A: Professor Del Re I thank you very much for this highly interesting and extended (2.5 hours) interview.

Del Re's autobiographical annotations

University of Naples (Italy), Federico II, July 2001

Informazioni sul prof. G. Del Re

Il professor Giuseppe Del Re (n. Napoli, 4 aprile 1932) e
---professore ordinario di Chimica Teorica presso l'Università di Napoli "Federico II"
--- membro titolare dell'Académie Internationale de Philosophie des Sciences (Bruxelles)
--- membro titolare dell'Academie für Umweltfragen (Academia Oecologica, Tubinga, Germania)
--- membro fondatore del Centro Internazionale di Studi e Ricerche Transdisciplinari (Parigi) che opera con il patrocinio dell'UNESCO
--- membro dei comitati scientifici delle Riviste "Advances in Quantum Chemistry" (Gainesville, Florida, USA), "Hyle" (Karlsruhe, Germania) "Filosofia Oggi" (Genova), "Nuova Secondaria" (Brescia), "La Nuova Critica" (Roma).

Ha pubblicato circa 190 lavori su riviste internazionali qualificate e due volumi in inglese. Di questi
--- circa 160 lavori scientifici e un libro nel suo campo primario, la chimica teorica;
--- circa 30 lavori di filosofia e metodologia della scienza;
--- un volume contenente gli Atti di un Convegno sul Problema Corpo-Mente tenuto dal'Accademia Pontificia delle Scienze nel 1988;
--- la traduzione, con introduzione e note, di un libro di T. F. Torrance sulla filosofia della scienza ehe emerge dal lavoro di Einstein e Polanyi.

I principali contributi del prof. Del Re nel suo campo primario sono
--- il noto 'Del Re method' per il calcolo delle cariche atomiche nelle molecole (1958),
--- l'introduzione degli 'ibridi di massima localizzazione' nel metodo degli orbitati molecotari (1963),
--- la messa punto di un metodo SCF per i polimeri (1967)
--- l'impostazione e applicazione alle biomolecole della teoria dell'evoluzione nel tempo degli stati quantistici (1989)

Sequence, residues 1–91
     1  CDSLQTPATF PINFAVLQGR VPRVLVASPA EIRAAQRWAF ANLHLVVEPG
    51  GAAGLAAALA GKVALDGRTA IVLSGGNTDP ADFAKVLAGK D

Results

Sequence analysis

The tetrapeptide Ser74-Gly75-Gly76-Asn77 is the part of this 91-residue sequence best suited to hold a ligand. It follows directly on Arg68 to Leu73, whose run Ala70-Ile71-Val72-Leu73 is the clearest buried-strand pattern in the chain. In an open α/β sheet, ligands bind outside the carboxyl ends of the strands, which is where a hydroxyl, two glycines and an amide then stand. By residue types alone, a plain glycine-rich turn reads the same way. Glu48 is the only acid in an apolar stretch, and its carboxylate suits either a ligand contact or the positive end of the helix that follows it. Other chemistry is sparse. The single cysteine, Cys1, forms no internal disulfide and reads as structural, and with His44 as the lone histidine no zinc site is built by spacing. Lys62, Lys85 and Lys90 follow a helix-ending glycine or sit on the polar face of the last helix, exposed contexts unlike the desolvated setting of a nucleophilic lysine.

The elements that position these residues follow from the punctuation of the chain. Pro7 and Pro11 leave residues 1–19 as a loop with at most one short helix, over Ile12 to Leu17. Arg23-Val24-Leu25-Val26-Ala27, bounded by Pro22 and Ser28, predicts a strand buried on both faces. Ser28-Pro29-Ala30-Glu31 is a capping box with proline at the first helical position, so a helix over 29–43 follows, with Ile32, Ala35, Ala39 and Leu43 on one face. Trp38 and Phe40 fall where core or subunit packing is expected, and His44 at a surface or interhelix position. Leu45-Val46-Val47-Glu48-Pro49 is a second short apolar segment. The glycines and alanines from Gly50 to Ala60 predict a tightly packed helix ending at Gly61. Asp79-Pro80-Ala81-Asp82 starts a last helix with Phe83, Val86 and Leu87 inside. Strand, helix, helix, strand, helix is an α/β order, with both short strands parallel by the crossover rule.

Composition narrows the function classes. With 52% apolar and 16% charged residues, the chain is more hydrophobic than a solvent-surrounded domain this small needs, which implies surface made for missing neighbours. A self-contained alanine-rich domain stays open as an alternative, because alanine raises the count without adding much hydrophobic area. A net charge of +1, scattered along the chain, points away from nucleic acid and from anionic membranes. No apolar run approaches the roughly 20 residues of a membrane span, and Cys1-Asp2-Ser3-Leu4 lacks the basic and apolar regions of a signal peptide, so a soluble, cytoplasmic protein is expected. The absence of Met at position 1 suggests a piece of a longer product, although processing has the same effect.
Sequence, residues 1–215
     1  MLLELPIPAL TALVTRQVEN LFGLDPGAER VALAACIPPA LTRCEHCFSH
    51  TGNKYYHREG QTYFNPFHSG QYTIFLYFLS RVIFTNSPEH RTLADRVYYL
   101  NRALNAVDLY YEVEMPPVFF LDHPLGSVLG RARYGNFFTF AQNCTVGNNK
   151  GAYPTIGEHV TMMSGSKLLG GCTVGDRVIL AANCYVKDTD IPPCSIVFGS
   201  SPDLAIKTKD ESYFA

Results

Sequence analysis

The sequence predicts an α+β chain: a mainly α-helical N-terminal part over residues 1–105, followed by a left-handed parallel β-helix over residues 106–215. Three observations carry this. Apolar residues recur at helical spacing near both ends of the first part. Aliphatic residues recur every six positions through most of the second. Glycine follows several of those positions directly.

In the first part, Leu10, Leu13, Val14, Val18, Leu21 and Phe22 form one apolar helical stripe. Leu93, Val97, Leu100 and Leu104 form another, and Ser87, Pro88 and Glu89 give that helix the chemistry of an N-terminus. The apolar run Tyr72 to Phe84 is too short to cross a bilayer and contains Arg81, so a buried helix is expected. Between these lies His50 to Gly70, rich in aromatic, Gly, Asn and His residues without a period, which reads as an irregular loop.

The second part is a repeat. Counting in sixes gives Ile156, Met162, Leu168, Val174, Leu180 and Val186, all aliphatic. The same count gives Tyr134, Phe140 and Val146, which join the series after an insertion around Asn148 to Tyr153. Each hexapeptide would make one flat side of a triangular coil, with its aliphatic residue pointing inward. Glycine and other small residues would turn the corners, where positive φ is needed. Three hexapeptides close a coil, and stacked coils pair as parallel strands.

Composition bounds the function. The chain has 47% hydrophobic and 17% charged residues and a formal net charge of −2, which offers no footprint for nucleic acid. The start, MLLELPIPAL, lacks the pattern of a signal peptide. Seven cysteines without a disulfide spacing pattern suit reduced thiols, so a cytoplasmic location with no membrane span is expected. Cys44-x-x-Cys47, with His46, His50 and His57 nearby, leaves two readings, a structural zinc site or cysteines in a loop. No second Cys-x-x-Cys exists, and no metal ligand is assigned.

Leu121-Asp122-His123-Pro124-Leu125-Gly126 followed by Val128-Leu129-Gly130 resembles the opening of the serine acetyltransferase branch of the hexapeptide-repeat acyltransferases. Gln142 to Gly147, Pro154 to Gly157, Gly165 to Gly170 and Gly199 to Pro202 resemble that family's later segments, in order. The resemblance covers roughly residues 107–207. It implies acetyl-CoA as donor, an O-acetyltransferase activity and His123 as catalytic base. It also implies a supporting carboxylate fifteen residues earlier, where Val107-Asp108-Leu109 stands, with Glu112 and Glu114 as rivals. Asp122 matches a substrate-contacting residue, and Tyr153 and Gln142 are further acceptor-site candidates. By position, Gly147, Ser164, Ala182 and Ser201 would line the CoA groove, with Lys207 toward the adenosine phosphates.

la proposta di un nuovo meccanismo di trasferimento elettronico (1992)
(curr. Del Re) pagina 2 di 2

Nel campo dell'epistemologia, in cui cominciò a lavorare nel 1981 in occasione di studi sull'origine chimica della vita, il prof. Del Re ha condotto ricerche sul problema della complessità con speciale riferimento a
--- (a) l'organizzazione come caratteristica degli esseri viventi;
--- (b) il problema corpo-mente;
--- (c) la chimica e il suo statuto come disciplina autonoma;

È stato docente dei Corso di Perfezionamento in Neurofisiologia degli Stati di Coscienza presso l'Università La Sapienza di Roma.

È stato professore invitato in Canada, USA, Germania, Francia, Algeria, Argentina.

Il suo ultimo impegno di ricerca e insegnamento all'Estero ha avuto luogo presso la Scuola Normale Superiore di Parigi (ENS), su invito di questa.

Ha partecipato all'organizzazione di numerosi convegni culturali a Napoli, ha tenuto conferenze a Milano, Torino, Broscia, Trieste, Pisa, Pistola, Napoli, Battipaglia, ecc.

Something additional: Arbeitskreis Philosophie und Chemie/Chemie und Reduktionismus Workshop/ Universität Konstanz/ 15. - 17. Juni 1995. To read this, Click here.

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Copyright © Oct. 28, 2001 by U. Anders, PhD.